A few more tries later, the L&M finally manages to scrape in between two cars. “There! Wasn’t that neat?” he proudly asks, getting down triumphantly. A traffic cop has come to investigate the chaos by now.
I am unable to reply the L&M because the door on the passenger side wouldn’t open more than a few inches and I have to squeeze out from the driver’s side.
There are times when he manages to park at a spot suspiciously free of other cars. “Wonder why none of you guys spotted this place!” he would say smugly.
“‘Co’s this is a ‘no parking’ zone that is why,” his younger son would reply calmly.
We consider ourselves very lucky if we find a parking space within half a kilometre of our destination. “I think we should walk all the way from home instead of just half the way. At least that way we’d be spared the parking drama,” says the elder one in all seriousness. “It would also give us some exercise and reduce the pollution from at least one car,” the younger one puts in his tuppence’ worth.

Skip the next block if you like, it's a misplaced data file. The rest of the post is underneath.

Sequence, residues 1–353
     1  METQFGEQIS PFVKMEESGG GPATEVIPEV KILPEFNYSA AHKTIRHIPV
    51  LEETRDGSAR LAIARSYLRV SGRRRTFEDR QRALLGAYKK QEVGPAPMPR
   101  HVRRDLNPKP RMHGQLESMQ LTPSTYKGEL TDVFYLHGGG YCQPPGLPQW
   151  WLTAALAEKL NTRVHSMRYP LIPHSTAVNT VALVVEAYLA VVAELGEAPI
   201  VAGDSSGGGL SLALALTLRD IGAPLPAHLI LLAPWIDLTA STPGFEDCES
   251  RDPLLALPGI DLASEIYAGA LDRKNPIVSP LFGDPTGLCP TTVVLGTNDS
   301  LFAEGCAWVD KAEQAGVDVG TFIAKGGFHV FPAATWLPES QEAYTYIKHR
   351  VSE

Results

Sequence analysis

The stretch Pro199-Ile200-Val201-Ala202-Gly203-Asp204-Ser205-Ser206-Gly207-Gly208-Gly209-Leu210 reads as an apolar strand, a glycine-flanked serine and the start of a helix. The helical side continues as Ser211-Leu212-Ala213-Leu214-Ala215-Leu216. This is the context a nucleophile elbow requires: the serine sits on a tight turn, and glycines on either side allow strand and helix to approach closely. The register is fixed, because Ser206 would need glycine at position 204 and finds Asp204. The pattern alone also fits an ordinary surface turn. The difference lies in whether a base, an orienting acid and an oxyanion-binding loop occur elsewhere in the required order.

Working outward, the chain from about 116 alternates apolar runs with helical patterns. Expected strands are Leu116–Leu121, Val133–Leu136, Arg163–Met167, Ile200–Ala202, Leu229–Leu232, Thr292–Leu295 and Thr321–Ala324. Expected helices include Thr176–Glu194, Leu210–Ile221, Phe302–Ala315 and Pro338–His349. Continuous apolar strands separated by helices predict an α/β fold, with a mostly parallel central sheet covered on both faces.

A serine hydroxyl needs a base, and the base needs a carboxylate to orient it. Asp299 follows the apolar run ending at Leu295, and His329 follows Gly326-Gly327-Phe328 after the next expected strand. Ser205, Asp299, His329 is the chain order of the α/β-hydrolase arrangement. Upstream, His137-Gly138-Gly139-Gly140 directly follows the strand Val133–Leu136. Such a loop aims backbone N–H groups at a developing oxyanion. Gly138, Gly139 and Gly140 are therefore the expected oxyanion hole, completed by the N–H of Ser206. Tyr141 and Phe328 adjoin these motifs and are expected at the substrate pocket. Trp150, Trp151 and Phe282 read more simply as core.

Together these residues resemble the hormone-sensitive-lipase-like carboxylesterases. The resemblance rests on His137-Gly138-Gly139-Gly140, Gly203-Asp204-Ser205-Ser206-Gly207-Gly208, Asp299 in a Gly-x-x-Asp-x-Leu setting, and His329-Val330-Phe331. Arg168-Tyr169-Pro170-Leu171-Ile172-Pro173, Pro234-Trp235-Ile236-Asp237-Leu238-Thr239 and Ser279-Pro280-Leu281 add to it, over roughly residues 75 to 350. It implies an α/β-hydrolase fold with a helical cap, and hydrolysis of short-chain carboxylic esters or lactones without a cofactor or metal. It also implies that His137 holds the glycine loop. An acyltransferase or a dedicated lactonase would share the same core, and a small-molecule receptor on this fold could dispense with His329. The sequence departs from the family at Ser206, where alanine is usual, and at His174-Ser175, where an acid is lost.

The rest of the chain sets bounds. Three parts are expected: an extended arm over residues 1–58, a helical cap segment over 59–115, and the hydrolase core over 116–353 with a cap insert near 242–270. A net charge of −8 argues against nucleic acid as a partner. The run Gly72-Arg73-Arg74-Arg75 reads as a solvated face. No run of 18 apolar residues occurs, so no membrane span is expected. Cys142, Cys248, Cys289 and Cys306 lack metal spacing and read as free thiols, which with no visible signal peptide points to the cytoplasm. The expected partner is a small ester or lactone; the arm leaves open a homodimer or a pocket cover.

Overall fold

He is a completely different person while on a highway — relaxed and humming. But never did he go beyond 70 kmph. And so relaxed in fact that he sometimes began snoring softly, eyes wide open. I am tense as a wound up toy while on a highway with him and keep him talking. He has never accepted that he had dozed off though!
When the older one began driving, he had to swear a solemn oath to abide by certain conditions every time he took the car out — one of them being that the L&M rides with him — and does passenger-seat-driving (since he would sit in the front).
The boy had the last word on this one. “When I buy my own car, I am going to install a set of dummy controls and steering wheel for dad to ‘drive’ from the back seat.”
…and now read the opening lines again.